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Shadows on Our Skin: A Novel [Kindle Edition]

Jennifer Johnston
4.0 out of 5 stars  See all reviews (6 customer reviews)

Print List Price: £8.99
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Book Description

Shortlisted for the Man Booker Prize: In the midst of the Troubles in Northern Ireland, a young schoolboy struggles to escape the destruction storming around him

Inside his home in Derry, Joe Logan’s life is ruled by his tormented father; outside, by the tension and violence of the Troubles. Sometimes his father makes him run errands despite the nearby reports of gunfire. Other times his mother, afraid to be alone with her volatile and war-wounded husband, confines Joe to the home. A bright and sensitive young man, Joe finds solace and freedom in writing—a pursuit encouraged by Kathleen Doherty, a young teacher at a nearby school whom he meets and befriends. In Kathleen, Joe has found a friend who understands him, makes him laugh, and allows him to forget his burdens for a time. But everything changes when his brother, Brendan, arrives home from London, newly energized to join the raging fray, and cavalierly bringing the war straight into their home.

Product Description


Masterly (Penelope Lively The Sunday Times)

She has created a world of her own... of such material is the finest literature made (Derek Mahon Irish Times)

A bittersweet demonstration of the impossibility of love... shot through with a luminous magic (John Walsh Independent)

Superbly executed... both enchanted and enchanting (Daily Telegraph)

About the Author

Jennifer Johnston is one of the foremost Irish writers of her, or any, generation. She has won the Whitbread Prize (THE OLD JEST), the Evening Standard Best First Novel Award (for THE CAPTAINS AND THE KINGS), the Yorkshire Post Award, Best Book of the Year (twice, for THE CAPTAINS AND THE KINGS and HOW MANY MILES TO BABYLON?). She was also shortlisted for the Booker Prize with SHADOWS ON OUR SKIN.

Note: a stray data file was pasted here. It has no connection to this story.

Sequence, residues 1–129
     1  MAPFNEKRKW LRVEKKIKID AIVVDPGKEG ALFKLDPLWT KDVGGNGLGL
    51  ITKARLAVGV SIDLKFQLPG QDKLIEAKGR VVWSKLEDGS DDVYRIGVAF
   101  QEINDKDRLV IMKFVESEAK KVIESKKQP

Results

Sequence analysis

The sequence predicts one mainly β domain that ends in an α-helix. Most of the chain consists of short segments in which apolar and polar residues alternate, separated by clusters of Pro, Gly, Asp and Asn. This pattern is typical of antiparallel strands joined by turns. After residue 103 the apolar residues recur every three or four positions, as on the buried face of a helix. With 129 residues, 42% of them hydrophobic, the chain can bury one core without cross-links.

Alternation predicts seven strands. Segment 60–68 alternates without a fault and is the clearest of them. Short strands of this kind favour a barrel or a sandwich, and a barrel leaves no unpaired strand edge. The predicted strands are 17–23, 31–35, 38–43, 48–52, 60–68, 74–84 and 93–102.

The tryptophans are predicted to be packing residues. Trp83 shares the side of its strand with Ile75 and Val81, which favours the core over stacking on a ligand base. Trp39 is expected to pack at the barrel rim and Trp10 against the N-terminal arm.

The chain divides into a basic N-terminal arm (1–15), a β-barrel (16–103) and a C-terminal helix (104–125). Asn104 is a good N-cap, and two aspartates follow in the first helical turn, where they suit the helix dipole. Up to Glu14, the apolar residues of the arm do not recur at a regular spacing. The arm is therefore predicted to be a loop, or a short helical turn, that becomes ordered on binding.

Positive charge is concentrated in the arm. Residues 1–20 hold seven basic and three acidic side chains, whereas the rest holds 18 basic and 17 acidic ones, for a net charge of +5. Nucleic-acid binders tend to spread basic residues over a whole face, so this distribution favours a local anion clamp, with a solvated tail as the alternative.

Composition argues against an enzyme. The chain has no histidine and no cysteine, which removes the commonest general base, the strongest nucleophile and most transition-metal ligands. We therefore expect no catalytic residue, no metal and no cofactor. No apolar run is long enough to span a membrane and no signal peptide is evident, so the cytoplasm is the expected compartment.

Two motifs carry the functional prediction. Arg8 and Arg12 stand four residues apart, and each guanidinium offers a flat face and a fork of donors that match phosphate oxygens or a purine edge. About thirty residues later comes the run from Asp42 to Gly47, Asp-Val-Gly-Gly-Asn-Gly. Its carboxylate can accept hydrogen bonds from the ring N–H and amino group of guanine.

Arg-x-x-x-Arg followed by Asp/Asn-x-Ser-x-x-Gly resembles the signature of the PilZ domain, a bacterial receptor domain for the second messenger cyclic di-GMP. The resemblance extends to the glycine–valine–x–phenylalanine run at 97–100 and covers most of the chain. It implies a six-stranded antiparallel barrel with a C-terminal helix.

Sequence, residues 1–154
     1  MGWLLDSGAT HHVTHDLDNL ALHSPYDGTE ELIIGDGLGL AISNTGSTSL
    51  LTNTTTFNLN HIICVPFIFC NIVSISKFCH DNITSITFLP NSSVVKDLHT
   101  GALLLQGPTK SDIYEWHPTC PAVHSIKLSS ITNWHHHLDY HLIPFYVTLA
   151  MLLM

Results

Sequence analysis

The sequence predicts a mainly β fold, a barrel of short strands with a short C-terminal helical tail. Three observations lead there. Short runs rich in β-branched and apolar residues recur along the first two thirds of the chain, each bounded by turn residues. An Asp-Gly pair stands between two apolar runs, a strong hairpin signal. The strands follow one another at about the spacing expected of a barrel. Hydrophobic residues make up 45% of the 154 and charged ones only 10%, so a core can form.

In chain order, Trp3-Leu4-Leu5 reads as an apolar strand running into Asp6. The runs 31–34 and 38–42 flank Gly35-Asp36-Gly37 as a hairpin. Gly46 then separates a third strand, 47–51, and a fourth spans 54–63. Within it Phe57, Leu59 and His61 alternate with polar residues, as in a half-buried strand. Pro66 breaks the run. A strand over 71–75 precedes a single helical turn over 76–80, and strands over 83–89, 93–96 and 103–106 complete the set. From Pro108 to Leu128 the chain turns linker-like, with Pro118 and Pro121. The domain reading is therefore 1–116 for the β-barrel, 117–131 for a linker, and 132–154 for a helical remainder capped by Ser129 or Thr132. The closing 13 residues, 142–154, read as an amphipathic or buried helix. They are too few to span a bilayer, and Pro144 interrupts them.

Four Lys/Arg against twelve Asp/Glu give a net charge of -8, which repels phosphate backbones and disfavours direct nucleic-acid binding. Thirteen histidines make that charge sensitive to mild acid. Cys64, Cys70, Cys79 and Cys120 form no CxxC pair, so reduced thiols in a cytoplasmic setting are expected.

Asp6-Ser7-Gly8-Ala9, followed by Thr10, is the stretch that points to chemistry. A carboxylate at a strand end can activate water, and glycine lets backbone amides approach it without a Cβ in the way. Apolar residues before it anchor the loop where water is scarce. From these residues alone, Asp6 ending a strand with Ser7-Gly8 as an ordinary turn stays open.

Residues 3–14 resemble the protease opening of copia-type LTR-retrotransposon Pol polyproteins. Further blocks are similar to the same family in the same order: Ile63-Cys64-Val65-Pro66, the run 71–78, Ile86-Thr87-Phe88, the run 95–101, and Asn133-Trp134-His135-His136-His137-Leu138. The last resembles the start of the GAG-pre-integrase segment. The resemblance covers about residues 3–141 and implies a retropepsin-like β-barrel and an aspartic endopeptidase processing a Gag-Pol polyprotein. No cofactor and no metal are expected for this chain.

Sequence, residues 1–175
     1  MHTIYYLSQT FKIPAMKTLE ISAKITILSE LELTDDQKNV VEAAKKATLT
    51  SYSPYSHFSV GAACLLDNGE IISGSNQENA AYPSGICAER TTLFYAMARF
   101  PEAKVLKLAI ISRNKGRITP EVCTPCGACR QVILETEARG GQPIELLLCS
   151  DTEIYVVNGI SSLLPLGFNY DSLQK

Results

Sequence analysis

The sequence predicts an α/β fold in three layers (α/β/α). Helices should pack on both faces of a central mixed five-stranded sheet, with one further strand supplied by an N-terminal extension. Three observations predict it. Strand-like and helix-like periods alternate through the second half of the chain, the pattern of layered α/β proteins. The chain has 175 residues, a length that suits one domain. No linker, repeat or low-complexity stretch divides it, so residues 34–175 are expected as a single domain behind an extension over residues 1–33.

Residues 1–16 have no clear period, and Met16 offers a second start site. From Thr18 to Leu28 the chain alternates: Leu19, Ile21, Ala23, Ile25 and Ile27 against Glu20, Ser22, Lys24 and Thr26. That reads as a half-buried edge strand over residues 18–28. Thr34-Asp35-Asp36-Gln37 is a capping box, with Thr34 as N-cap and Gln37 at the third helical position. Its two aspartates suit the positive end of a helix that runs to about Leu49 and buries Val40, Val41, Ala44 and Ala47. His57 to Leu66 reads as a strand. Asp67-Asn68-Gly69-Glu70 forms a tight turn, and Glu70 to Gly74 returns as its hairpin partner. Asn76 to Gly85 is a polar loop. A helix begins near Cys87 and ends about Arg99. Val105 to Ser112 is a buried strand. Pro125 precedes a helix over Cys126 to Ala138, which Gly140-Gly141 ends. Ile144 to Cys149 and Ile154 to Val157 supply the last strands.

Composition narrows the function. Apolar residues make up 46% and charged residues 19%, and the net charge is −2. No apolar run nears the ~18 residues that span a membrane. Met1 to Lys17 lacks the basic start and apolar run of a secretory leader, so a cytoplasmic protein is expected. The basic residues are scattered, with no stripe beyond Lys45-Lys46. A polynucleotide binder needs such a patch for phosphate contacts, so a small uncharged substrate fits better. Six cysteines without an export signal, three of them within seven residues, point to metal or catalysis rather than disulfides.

Product details

  • Format: Kindle Edition
  • File Size: 515 KB
  • Print Length: 228 pages
  • Page Numbers Source ISBN: 074726791X
  • Publisher: Open Road Media (24 Jun. 2014)
  • Sold by: Amazon Media EU S.à r.l.
  • Language: English
  • Text-to-Speech: Enabled
  • X-Ray:
  • Word Wise: Not Enabled
  • Average Customer Review: 4.0 out of 5 stars  See all reviews (6 customer reviews)
  • Amazon Bestsellers Rank: #466,989 Paid in Kindle Store (See Top 100 Paid in Kindle Store)
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Customer Reviews

4.0 out of 5 stars
4.0 out of 5 stars
Most Helpful Customer Reviews
3 of 3 people found the following review helpful
5.0 out of 5 stars A great book 22 April 2013
I read this in Derry when I was visiting my Grandparents and I loved it from the first page. It is a book which engages the personal and political aspects of Derry in the Troubles, but through the eyes of a young boy. His innocence perhaps makes some of the wider themes a little more difficult to understand if you don't know some of the history surrounding the Troubles, but even as a novel about a boy trying to cope with his stressful home life, this book is wonderful. The fact that
it works on so many different levels is what makes it such a treat to read! Also, as someone who demands realistic and well developed characters, this book provided me with something very satisfactory. Each character has a distinct personality and despite their flaws, it is easy to sympathise with each. When the story reaches its end you will find understanding for all of the characters, though you may not agree with their actions.